• Protect your new trees & shrubs with enclosures of chicken wire while they get established. Ensure that it is both tall enough the deer can’t reach over and enough distance from the centre stem that they cannot reach in from the side.
  • Some gardeners find automatic sprinklers help and these are often used in agricultural applications. Some deer will become used to the shower however.
  • The best deterrent is a tall fence around the perimeter of your vegetable garden or orchard area. Deer will still have access to other plants in the garden but may move along (to the neighbour) if they find it too difficult to snack in your garden.

Deer Resistant Plants:

If deer are hungry enough they will try anything in your garden. There are some plants that have been shown to be less appealing. Deer don’t like plants with fuzzy leaves or spiky stems so look for plants with a lot of texture. Look for these in your garden centre:

  • Ageratum
  • Alyssum
  • Astilbe
  • Agastache
  • Artemisia
  • Calendula
  • Dahlia
  • Dianthus
  • Echinacea
  • Euphorbia
  • Gaillardia
  • Lavender
  • Lobelia
  • Lysimachia
  • Marigold
  • Morning Glory
  • Nasturtium
  • Ostrich Fern
  • Peony
  • Poppy
  • Portulaca
  • Salvia
  • Statice
  • Verbena
  • Veronica

We hope these tips are helpful when planning your garden. It may not be possible to completely (and humanely) deter deer from your property so accepting them and discouraging them a little might be your best plan. Just remember we are in their backyard too.

Spring Yard Clean-up – leave some for the bees

The first weekend of Spring is here, finally!  I am sure you are ready to get back into the yard and start preparing for this season of gardening, but wait a minute, there is a RIGHT and WRONG way to do spring yard clean-up!

Your garden is not only a space for you to enjoy, it is a habitat for insects and birds (and maybe snakes and frogs and who knows who else). The following are a few Spring garden clean-up tips that encourage habitat preservation for these beneficial critters.

First off, yard clean-up should always be left for Spring.  Removing stems and leaves in the fall destroys habitat and eliminates hibernating insects. You aren’t being lazy, you are being a good neighbour to the other critters that live along side you. You can read more about Fall clean-up here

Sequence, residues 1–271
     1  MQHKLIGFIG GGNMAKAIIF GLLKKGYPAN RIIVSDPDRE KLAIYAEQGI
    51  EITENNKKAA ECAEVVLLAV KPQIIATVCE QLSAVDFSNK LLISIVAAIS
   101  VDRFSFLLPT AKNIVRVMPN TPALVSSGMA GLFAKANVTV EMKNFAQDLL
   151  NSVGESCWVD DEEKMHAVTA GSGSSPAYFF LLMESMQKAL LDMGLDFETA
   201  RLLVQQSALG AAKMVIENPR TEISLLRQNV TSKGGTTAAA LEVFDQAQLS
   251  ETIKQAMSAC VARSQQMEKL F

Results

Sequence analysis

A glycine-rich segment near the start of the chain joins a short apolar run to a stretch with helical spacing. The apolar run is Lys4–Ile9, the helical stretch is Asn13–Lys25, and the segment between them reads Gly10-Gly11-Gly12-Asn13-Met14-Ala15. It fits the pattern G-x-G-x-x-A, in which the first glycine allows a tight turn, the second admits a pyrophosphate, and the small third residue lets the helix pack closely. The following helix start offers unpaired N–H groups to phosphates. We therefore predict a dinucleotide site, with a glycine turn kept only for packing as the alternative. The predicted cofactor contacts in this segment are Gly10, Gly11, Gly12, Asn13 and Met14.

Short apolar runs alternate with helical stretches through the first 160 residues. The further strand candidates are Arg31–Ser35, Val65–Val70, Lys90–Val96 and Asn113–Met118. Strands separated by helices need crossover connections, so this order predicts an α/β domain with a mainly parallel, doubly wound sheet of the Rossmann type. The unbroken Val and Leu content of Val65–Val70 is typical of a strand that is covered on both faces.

Don’t cut and toss just yet:

Our pollinators and beneficial insects are hibernating in your backyard. Tiny native bees and other friends are sleeping in the hollow plant stems waiting to emerge when the time is right.  Butterflies are snug in their cocoons, lady bugs are sleeping under leaves. Cutting down and tossing last season’s plant debris means you are also tossing THIS season’s pollinators and beneficial insects before they have a chance to emerge. 

Carefully collect debris:

Wait as long as possible to do your spring garden clean up.  This means waiting until the daytime temps are consistently above 10C.  Once it is warm enough to start tidying the yard do so carefully.  If you have small children this is a great opportunity to teach them about the benefits of all the critters in the garden and make a game of spotting cocoons or newly emerging lady bugs. 

Resist the urge to dump the leaves and other debris in plastic garbage bags.  You should have one area of your yard that is a designated leaf pile.  This can be a permanent compost pile or temporary if you really must bin it all up at some point. Some gardeners prefer to do the “chop and drop” method where you leave seems on the ground to compost in the garden bed.  New growth will quickly cover this up and you are enriching your soil the way nature intended.

Prune with caution: 

Cutting back some dead branches is high on the list of garden chores so as you go about this take a little time to ensure you are not also cutting tiny cocoons.  Stack these branches loosely in you compost/leaf pile to be dealt with later in the season. 

Hold off on the mulch:

Mulching is a great way to conserve moisture in the garden and we are huge fans of this, however early spring is not the best time to get this task accomplished. 

So many beneficial insects and pollinators overwintering in your backyard in tiny burrows as eggs or hibernating adults. We NEED these creepy crawlies.  it is important to hold off on this chore until the soil is dry and the weather is consistently warm. *Make a habit of tossing dead leaves into the hedge rows or tree lines in the Fall as natural mulch and insect habitat.

Leave the lawn:

Dethatching and rolling the lawn are outdated practices. Rolling compacts the soil and makes the lawn worse, rather than improving anything.  Healthy lawn has thatch, it protects the roots and keeps them cooler in summer. Doing anything with your lawn in the early spring, while the ground underneath is wet, compacts the soil and makes it more difficult for the grass to grow.  Leave the lawn for now.

Take your time:

In Saskatchewan we still have nearly 2 months until it will be warm enough to transplant annual and vegetable seedlings. I know you are eager to get outside and do some garden work so take this time to clean up your pots, wash the patio furniture, sweep the walks etc.  

A PROPER spring garden clean up should NOT be a destructive process. By taking your time and doing it right, you and your garden can benefit from a healthy population of pest-munching beneficial insects and pollinators. 

Do YOUR part to Save Our Pollinators.